Log In Register

James Madison's Notes of the Constitutional Convention (May 30, 1787)

Wednesday May 30
(Roger Sherman (from Connecticut) took his seat.)
The House went into Committee of the Whole on the State of the Union. Mr. Gorham was elected to the Chair by Ballot.
The propositions of Mr. Randolph which had been referred to the Committee being taken up. He moved on the suggestion of Mr G. Morris that the first of his propositions to wit ("Resolved that the articles of Confederation ought to be so corrected & enlarged, as to accomplish the objects proposed by their institution; namely, common defence, security of liberty & general welfare) . . . . . . . . . . . . . . . . . . . . . . . . . . . . . . . . . . . .____should be postponed in order to consider the 3 following.
1. that a Union of the States merely federal (will not accomplish the objects proposed by the articles of Condeferation, namely common defence, security of liberty, & genl. welfare.)
2. that no treaty or treaties among the whole or part of the States, as individual sovereignties, would be sufficient.
3 that a national Government (ought to be established) consisting of a supreme Legislative, Executive & Judiciary.
The motion for postponing was seconded by Mr. Govr. Morris and unanimously agreed to.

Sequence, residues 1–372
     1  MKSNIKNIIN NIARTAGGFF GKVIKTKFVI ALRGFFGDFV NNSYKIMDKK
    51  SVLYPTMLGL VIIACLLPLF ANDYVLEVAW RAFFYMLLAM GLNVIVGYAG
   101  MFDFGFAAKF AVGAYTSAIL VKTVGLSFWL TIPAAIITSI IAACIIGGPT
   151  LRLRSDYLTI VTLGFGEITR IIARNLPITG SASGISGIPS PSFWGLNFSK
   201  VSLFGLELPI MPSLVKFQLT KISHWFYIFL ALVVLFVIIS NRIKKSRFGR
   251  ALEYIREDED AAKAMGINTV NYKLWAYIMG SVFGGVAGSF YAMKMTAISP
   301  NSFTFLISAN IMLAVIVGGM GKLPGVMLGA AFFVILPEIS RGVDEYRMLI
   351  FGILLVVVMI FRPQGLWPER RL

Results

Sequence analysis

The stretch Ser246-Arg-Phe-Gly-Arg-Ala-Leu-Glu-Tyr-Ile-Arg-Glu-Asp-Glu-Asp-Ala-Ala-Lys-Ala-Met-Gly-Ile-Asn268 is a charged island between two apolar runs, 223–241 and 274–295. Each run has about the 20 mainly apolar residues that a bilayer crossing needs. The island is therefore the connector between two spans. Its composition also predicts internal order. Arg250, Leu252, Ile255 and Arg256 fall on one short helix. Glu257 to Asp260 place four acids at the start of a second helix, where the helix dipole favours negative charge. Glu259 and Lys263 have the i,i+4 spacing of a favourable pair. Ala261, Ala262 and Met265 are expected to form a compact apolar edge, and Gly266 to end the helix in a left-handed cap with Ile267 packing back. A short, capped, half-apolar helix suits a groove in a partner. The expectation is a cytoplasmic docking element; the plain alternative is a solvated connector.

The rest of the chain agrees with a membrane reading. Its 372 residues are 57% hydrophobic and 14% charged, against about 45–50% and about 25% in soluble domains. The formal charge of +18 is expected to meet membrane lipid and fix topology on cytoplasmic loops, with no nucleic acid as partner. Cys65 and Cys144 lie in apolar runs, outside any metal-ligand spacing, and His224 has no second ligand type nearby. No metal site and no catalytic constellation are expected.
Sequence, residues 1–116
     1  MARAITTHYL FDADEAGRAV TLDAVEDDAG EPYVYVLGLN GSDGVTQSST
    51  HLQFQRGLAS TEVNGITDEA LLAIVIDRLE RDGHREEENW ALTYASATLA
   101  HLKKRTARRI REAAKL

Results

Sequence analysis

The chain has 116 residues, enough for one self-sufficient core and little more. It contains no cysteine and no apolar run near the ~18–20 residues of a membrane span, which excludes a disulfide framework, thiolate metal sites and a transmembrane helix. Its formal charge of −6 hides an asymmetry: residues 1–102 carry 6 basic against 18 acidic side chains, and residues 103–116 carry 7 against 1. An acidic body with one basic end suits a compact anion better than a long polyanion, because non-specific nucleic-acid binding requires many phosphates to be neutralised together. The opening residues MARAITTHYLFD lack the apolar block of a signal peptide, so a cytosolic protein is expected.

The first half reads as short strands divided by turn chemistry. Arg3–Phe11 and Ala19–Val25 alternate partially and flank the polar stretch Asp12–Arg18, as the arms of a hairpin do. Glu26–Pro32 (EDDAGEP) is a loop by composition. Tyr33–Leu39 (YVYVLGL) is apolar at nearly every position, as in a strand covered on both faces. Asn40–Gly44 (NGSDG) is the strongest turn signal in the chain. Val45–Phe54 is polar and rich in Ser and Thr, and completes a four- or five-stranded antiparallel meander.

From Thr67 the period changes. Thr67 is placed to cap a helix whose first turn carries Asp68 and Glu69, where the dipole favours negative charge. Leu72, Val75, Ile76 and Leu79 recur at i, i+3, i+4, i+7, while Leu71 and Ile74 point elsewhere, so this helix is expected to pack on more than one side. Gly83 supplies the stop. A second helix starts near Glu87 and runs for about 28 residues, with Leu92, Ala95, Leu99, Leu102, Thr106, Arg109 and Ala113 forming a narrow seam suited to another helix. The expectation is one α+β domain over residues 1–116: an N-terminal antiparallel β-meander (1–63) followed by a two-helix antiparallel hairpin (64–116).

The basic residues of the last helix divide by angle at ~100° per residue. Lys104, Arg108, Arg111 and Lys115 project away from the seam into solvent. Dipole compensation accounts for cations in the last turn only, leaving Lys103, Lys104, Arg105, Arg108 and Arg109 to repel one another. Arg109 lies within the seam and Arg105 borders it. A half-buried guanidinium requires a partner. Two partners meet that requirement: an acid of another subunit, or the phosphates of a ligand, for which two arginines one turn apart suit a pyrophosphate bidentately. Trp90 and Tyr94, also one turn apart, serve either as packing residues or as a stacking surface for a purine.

Some verbal criticisms were raised agst. the first proposition, and it was agreed (on motion of Mr Butler seconded by Mr. Randolph,) to pass on to the third, which underwent a discussion. less however on its general merits than on the force and extent of the particular terms national& supreme.
Mr. Charles Pinkney wished to know of Mr. Randolph whether he meant to abolish the State Governts. altogether. Mr. R. replied that he meant by these general propositions merely to introduce the particular ones which explained the outlines of the system he had in view.
Mr. Butler said he had not made up his mind on the subject, and was open to the light which discussion might throw on it. (After some general observations he concluded with saying that he had) opposed the grant of powers to Congs. heretofore, because the whole power was vested in one body. The proposed distribution of the powers into different bodies changed the case, and would induce him to go great lengths.